5 March 2024
by Sarah Morgan

Modelling EV battery health

An approach to estimating an electric vehicle battery’s remaining useful life combines electrochemical models with cloud battery management.

© buffaloboy/Shutterstock

It could help unlock additional performance, better range and increased levels of safety.

The collaborative project known as VIPER – Validated & Integrated Platform for battery Remaining useful life – combines the expertise of Eatron Technologies and WMG at the University of Warwick, UK.

Dhammika Widanage, Associate Professor at the University of Warwick, says, 'By knowing what the remaining useful life is accurately, measures can be put into place to ensure that the vehicle performance and customer experience is sustained. These measures are typically related to how a vehicle is charged and controlling the frequency of extreme fast charging.'

The team explains that Traditional Remaining Useful Life (RUL) estimates often rely on simple voltage-based analytics that may miss complex failure conditions, potentially risking consumer safety, while other risk-averse options may result in healthy battery packs being unnecessarily rendered unusable.

The method employed by Widanage’s research team combines WMG’s advanced electrochemical models with Eatron’s cloud battery management and integration expertise to deliver the RUL.

He explains, 'Simple voltage-based analytics can indicate what the current state-of-health of a vehicle’s battery pack is but cannot reliably indicate how the pack’s life will behave under future driving scenarios. We wanted to address this problem by ensuring that advanced states (not just the voltage) of the battery pack are measured and predict how the battery life will continue to behave for various usage scenarios.'

They reportedly have obtained 98-94% accuracy in capacity fade predictions over two temperatures (250°C and 450°C) and with mixed cycling/driving conditions. This required ~10-15 weeks of ageing data to then forecast the various scenarios for over 30 weeks.

Widanage shares, 'The models that were developed for the edge and cloud platforms accounted for the underpinning degradation physics and were validated using datasets that covered varying temperatures and driver behaviours. There is still a need for high-quality ageing data for model development and further opportunities to reduce and optimise the model calibration and validation stage.'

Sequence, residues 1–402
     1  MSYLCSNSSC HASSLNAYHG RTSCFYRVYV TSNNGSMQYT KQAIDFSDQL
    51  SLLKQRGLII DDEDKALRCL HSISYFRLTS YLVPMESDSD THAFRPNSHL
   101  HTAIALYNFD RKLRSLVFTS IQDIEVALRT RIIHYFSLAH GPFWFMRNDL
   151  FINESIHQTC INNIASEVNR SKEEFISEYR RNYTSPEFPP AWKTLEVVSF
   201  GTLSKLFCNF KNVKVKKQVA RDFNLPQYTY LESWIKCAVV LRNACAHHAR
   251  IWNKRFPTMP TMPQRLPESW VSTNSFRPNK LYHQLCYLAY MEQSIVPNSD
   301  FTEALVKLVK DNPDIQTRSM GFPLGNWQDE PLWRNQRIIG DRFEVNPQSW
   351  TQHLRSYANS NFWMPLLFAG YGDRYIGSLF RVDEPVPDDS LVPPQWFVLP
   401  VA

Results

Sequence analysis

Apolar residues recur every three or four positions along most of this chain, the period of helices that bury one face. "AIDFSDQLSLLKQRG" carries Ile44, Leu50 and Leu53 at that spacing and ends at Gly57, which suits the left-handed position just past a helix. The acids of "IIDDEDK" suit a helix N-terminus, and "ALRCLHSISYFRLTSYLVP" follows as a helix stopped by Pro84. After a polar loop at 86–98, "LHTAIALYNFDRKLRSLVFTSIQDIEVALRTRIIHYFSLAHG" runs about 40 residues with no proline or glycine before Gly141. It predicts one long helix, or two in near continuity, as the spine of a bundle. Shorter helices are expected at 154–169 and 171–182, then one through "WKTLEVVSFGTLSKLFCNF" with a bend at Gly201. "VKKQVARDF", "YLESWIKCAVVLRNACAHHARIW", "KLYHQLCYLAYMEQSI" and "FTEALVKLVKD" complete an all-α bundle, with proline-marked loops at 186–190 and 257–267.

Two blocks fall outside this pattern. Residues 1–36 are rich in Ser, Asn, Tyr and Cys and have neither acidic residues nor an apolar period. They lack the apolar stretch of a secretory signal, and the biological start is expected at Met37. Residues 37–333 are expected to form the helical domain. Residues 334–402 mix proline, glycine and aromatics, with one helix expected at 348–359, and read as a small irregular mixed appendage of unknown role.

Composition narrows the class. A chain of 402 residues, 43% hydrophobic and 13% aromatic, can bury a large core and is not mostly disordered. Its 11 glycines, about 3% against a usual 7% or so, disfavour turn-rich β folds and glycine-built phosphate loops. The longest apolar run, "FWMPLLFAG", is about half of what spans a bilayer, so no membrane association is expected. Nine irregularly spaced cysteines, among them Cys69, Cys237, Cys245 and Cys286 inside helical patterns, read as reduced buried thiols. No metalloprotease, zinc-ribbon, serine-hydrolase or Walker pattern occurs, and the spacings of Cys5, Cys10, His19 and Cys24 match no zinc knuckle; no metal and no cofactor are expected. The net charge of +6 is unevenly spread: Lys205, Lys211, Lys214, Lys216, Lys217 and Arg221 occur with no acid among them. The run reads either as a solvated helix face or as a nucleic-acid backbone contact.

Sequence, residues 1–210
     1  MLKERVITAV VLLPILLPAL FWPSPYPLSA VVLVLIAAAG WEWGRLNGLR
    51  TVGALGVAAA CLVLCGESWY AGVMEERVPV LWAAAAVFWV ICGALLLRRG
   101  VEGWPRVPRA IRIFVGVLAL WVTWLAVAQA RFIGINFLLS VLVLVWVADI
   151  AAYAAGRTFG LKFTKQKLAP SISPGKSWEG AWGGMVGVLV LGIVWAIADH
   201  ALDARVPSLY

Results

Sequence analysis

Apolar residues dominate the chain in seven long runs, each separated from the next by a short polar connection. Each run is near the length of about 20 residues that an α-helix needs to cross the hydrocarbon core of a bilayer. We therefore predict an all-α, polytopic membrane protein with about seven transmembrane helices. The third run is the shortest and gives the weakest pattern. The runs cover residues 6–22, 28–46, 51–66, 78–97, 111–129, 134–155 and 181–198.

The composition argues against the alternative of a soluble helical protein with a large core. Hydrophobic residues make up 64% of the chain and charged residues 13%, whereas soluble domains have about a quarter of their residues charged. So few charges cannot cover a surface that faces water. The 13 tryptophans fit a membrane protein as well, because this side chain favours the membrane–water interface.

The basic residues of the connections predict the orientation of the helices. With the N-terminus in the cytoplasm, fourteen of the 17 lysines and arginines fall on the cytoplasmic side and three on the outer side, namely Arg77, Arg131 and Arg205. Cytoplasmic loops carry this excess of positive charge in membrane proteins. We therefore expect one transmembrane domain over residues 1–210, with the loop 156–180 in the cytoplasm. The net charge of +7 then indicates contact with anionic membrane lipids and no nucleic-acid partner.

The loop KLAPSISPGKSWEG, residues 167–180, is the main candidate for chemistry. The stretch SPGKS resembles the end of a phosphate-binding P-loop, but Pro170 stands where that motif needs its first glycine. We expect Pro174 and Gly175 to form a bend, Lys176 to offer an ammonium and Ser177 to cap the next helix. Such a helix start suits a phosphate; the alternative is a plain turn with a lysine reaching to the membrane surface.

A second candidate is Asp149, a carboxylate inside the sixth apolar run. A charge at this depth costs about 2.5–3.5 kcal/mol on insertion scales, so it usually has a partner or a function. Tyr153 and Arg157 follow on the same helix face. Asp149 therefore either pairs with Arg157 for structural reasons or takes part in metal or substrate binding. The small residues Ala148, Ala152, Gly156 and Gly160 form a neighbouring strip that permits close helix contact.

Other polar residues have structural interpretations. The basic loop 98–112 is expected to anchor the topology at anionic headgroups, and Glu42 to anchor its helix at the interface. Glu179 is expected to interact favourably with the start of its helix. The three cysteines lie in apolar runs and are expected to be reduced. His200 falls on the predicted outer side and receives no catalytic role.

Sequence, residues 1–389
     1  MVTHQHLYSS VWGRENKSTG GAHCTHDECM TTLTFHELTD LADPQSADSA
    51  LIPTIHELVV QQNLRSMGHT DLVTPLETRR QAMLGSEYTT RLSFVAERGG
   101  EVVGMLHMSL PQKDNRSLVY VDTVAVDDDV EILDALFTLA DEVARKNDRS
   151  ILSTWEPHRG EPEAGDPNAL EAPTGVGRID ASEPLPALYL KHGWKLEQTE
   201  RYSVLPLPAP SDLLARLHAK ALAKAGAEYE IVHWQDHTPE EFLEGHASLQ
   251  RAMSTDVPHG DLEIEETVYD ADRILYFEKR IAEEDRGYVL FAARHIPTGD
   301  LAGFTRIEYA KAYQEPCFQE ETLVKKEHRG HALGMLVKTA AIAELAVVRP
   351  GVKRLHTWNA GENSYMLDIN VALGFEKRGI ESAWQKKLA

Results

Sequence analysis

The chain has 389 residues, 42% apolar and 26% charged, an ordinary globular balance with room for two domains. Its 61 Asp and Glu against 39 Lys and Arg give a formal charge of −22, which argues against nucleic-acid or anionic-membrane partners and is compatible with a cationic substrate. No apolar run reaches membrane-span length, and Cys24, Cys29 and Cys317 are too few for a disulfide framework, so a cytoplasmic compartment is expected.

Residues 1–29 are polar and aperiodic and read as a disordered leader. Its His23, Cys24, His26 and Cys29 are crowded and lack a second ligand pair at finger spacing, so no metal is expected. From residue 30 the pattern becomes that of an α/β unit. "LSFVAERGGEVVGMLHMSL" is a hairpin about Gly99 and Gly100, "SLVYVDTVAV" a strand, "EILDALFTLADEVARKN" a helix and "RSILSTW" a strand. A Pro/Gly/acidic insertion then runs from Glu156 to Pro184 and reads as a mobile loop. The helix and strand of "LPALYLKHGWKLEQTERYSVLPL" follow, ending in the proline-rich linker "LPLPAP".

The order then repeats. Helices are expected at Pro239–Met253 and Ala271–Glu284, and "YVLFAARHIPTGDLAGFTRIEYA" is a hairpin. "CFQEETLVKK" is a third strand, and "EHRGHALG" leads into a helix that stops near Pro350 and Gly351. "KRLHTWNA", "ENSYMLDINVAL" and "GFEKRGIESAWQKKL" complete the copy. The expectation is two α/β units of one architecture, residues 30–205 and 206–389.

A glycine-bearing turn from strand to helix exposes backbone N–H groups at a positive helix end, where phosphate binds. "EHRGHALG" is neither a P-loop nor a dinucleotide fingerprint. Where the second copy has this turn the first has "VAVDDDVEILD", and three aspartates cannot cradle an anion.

The system could then be embedded in an automotive-grade battery management system or deployed across a cloud-based platform, particularly appealing for fleet applications.

Additionally, it could be accompanied by a ‘health stamp’ in the form of a battery passport, which negates the need for expensive testing.

Widanage adds, 'Battery degradation is a complex topic and extending the models’ capabilities to further degradation modes are currently being researched. We will continue our collaboration with Eatron as they evaluate and deploy the models with their customers to further improve the overall framework.

'We currently have researchers and PhD students at WMG working on the next set of topics to advance the methods and evaluate their applicability with our industrial partners.' The common interest on understanding and predicting battery degradation between Eatron Technologies and WMG, he says, was key to the collaboration and inspired them to seek funding from Innovate UK and the Faraday Institution to develop the process.

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